It’s 5 o’clock somewhere — and boy, could the executives at Warner Bros. Discovery and Lionsgate use a drink. But first, they’ve got to get through these earnings conference calls. Perhaps we should refer to this round as “losses conference calls.”
On Thursday afternoon, within a span of 15 minutes, Warner Bros. Discovery revealed it lost $2.3 billion in the July-September quarter of 2022 and Lionsgate reported an operating loss of $1.8 billion from the same time period. Better make it a double.
The good news for Warner Bros. Discovery is that a loss of $2.3 billion is better than a loss of $3.4 billion, which is the unfortunate figure it posted last quarter. It’s pricey to merge two major media companies, and so far, not so good.
WBD ended the third quarter with 94.9 million combined direct-to-consumer subscribers. That all-in number includes linear HBO and streaming services HBO Max and Discovery+, and represented an additional 2.8 million subs from the end of the prior quarter. The timeline to combine HBO Max and Discovery+ has been moved up from Summer 2023 to Spring 2023, Warner Bros. Discovery’s president and CEO David Zaslav said on his company’s Q3 conference call.
Before the call, in a prepared statement accompanying the disappointing financials, Zaslav again touted his company’s content. He also found another $500 million in synergies between WarnerMedia and his former Discovery, Inc.
“At Warner Bros. Discovery, we have one of the strongest portfolio of assets and IP across sports, news, and entertainment, and the best leadership team in media executing against the right strategy and financial framework to drive profitability, generate meaningful shareholder value, and ultimately position us for long-term success,” Zaslav said. “We are reimagining and transforming the organization for the future while driving synergy enterprise-wide, increasing our target to at least $3.5 billion, and making significant progress on our combined DTC product. While we have lots more work to do, and there are some difficult decisions still to be made, we have total conviction in the opportunity ahead.”
There was no way to spin company revenue. Warner Bros. Discovery suffered an 11 percent decline in Q3 ad sales and saw an 8 percent drop in overall revenue, posting $9.82 billion vs. a market forecast of $10.36 billion. After sharing an already rough Thursday with the rest of the stock market, shares in WBD declined a few percentage points more in after-hours trading.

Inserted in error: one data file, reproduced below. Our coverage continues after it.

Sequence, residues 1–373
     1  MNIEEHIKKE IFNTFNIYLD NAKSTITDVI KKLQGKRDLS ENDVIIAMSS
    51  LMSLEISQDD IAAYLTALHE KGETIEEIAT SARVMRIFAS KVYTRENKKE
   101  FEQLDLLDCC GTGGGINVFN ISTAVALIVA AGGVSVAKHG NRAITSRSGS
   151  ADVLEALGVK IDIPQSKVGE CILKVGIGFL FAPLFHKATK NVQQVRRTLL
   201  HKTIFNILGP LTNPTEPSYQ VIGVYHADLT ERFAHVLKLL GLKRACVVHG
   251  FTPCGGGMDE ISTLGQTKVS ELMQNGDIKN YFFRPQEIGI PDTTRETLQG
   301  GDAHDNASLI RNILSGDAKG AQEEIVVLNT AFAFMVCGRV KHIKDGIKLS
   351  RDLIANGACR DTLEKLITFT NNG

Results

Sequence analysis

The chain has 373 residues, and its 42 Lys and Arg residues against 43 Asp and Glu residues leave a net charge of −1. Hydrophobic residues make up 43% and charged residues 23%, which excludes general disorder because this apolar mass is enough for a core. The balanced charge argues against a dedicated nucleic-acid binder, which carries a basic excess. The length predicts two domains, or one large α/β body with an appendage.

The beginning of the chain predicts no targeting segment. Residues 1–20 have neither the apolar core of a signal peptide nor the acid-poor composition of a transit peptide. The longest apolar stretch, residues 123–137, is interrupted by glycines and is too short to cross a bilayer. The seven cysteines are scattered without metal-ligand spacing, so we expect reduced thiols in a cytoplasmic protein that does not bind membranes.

Lionsgate/courtesy Everett Collection
Here we should admit that it’s a bit unfair to lump Lionsgate’s second (fiscal) quarter in with Warner Bros. Discovery. Lionsgate’s wasn’t so bad — it beat on both revenue estimates and adjusted earnings per share — and its stock is moving in the right direction following the market close. (Before the market closed, shares in both companies sank 6 percent.) But still.
Lionsgate will exit seven Lionsgate+ (the former StarzPlay International) territories — France, Germany, Italy, Spain, Benelux, the Nordics, and Japan — to “streamline the business,” in their words. That streamlining cost Lionsgate $218.9 million in content write-offs. Tack that on to the $1.48 billion (non-cash) write-off from the Starz acquisition, reflecting changes to future free cash-flow projections, and boy would they have liked to sell that thing.
The Lionsgate earnings call has yet to begin — it’s set for 6 p.m. ET. In the interest in fairness, we’ll give CEO Jon Feltheimer his say.
“We reported another strong library performance and continued growth in Lionsgate Television series deliveries as our studio businesses continued to perform in line with expectations in the quarter,” Feltheimer said in a prepared statement included in the financials. “Economic and industry headwinds are having the greatest impact at Starz, where we are exiting seven international territories. This will allow us to streamline Starz’s international business and return it to profitability more quickly while continuing to build on the opportunities created by a strong Starz original series slate and focused content strategy domestically.”
Now, if he can only sell the Lionsgate studio…